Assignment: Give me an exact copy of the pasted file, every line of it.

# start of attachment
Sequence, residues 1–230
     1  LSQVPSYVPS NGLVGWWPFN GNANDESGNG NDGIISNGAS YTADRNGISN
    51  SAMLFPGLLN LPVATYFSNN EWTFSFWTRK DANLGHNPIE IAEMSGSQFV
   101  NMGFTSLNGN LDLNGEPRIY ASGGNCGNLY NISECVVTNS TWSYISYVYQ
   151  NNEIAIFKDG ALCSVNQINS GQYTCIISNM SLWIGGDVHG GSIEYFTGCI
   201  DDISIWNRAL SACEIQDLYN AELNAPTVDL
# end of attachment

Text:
Sequence, residues 1–230
     1  LSQVPSYVPS NGLVGWWPFN GNANDESGNG NDGIISNGAS YTADRNGISN
    51  SAMLFPGLLN LPVATYFSNN EWTFSFWTRK DANLGHNPIE IAEMSGSQFV
   101  NMGFTSLNGN LDLNGEPRIY ASGGNCGNLY NISECVVTNS TWSYISYVYQ
   151  NNEIAIFKDG ALCSVNQINS GQYTCIISNM SLWIGGDVHG GSIEYFTGCI
   201  DDISIWNRAL SACEIQDLYN AELNAPTVDL